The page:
Posts tagged restful
The ADF framework strongly suggests if not dictates a certain application architecture. Through ADF BC (Business Components) – the predominant business service implementation with ADF – applications will typically interact directly with the database, over JDBC Database Connections from a shared connection pool. Developers who create the ADF BC Entity Objects and View Objects will be quite aware of the data model and the database implementation. They will usually write SQL. And the result of their work is substantially coupled with the database. Transactions across multiple data source are very hard to implement in that typical ADF BC scenario because ADF BC talks to a single database and typically controls its own transaction.
When ADF applications are developed in an environment where an enterprise architecture has been laid down, and decoupling is an important objective and service orientation is mandated – then this typical implementation of the business service using ADF BC connecting directly to the database may not be desirable or even allowed.
On one of my projects, we are currently in the situation where we try to determine the guidelines for the implementation of the More >
The attraction of APEX has increased tremendously with the recent launch of the Oracle Cloud. APEX already supported departmental development and deployment of business applications with minimal involvement from the IT department (only a database needed be made available). Positioned as the ideal replacement for MS Access, APEX probably has managed better to capture the eye of developers and was used for enterprise application development at least as much as for the kind of tactical applications that Oracle strategically positioned it for.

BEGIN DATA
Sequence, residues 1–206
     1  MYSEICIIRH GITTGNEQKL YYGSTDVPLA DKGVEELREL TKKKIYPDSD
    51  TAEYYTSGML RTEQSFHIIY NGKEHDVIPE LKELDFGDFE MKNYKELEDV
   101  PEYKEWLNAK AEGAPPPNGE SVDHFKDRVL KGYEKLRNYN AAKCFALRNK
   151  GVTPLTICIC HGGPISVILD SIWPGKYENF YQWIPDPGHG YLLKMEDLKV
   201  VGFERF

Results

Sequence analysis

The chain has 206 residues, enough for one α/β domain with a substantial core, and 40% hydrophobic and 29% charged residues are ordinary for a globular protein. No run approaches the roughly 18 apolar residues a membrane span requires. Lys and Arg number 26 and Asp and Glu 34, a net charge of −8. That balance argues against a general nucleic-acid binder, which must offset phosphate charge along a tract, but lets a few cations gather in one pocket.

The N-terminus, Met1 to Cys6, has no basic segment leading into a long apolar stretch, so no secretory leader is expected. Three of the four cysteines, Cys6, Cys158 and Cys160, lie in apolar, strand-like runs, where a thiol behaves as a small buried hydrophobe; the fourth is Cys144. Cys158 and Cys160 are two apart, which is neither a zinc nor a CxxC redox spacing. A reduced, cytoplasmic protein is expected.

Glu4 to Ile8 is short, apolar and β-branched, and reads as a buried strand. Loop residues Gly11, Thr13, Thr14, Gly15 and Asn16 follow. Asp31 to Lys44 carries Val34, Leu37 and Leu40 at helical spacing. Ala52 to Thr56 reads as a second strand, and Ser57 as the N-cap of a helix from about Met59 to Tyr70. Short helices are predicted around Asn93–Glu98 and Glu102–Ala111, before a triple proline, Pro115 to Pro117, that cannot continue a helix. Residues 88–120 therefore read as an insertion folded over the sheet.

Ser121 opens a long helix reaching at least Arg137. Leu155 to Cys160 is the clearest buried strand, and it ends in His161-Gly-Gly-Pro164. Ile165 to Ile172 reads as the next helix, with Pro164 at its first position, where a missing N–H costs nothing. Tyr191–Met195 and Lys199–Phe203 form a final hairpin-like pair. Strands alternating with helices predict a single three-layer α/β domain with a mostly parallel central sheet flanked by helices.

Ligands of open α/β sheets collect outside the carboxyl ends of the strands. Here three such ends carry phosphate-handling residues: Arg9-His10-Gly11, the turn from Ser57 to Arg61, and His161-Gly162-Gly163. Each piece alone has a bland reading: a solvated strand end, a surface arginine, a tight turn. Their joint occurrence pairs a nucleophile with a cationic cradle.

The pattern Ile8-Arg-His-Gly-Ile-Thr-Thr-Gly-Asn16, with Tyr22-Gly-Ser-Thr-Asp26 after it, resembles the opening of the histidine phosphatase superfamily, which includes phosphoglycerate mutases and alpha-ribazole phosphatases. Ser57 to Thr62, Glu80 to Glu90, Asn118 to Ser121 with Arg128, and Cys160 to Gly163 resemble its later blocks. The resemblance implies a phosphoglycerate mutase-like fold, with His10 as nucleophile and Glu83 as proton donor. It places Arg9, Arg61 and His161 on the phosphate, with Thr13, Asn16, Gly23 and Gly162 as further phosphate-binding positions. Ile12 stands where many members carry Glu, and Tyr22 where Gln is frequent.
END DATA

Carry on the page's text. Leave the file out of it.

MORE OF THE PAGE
With APEX as PaaS & DevaaS from the Oracle Cloud, a leap is made to a much higher level of business value. Now the IT department is not even needed to make infrastructure available with a database running on it. All the business needs is a credit card. And the business application that is developed, managed and used from the cloud through a standard browser can now just as easily be accessed by users from around the world as by users from the business department itself. As a bonus – the development of the APEX application is also done in the cloud – with no special demands on the location or the enterprise access privileges of the More >
No JDBC based data retrieval in Java applications – RESTstyle, JSON formatted HTTP based interaction from Java to Database1
This article demonstrates how Java application can query data from relational databases (well, in this case more specifically the Oracle RDBMS) without the use of plain old JDBC but instead through a simple HTTP interaction with a RESTful service that returns the data in JSON format.
In this way, issues with JDBC drivers, database connections, data sources and firewall and other network complications are avoided and the Java application does not contain a single bit of SQL.
This article will demonstrate how easy it is to set up the RESTful API from the database – using Oracle’s dbms_epg package – and how this API can be accessed from Java using JAX-RS (Jersey) and the json-lib utility library.